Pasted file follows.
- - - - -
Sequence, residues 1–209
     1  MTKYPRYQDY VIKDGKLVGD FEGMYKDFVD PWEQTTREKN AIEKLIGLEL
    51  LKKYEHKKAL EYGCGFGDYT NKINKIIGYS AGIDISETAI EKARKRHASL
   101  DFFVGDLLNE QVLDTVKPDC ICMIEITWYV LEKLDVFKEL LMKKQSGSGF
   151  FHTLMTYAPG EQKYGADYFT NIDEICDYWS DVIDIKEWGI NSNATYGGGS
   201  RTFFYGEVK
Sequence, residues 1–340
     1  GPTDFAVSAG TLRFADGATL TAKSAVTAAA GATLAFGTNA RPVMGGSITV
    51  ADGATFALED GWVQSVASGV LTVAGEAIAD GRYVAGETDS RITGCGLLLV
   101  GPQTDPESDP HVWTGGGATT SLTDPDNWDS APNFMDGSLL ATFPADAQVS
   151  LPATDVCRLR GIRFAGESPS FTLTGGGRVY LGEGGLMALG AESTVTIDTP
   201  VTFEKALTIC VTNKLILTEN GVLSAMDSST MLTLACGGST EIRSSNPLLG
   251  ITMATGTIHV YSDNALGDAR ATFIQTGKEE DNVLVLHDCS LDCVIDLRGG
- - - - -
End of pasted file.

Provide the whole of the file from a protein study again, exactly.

Sequence, residues 1–209
     1  MTKYPRYQDY VIKDGKLVGD FEGMYKDFVD PWEQTTREKN AIEKLIGLEL
    51  LKKYEHKKAL EYGCGFGDYT NKINKIIGYS AGIDISETAI EKARKRHASL
   101  DFFVGDLLNE QVLDTVKPDC ICMIEITWYV LEKLDVFKEL LMKKQSGSGF
   151  FHTLMTYAPG EQKYGADYFT NIDEICDYWS DVIDIKEWGI NSNATYGGGS
   201  RTFFYGEVK
Sequence, residues 1–340
     1  GPTDFAVSAG TLRFADGATL TAKSAVTAAA GATLAFGTNA RPVMGGSITV
    51  ADGATFALED GWVQSVASGV LTVAGEAIAD GRYVAGETDS RITGCGLLLV
   101  GPQTDPESDP HVWTGGGATT SLTDPDNWDS APNFMDGSLL ATFPADAQVS
   151  LPATDVCRLR GIRFAGESPS FTLTGGGRVY LGEGGLMALG AESTVTIDTP
   201  VTFEKALTIC VTNKLILTEN GVLSAMDSST MLTLACGGST EIRSSNPLLG
   251  ITMATGTIHV YSDNALGDAR ATFIQTGKEE DNVLVLHDCS LDCVIDLRGG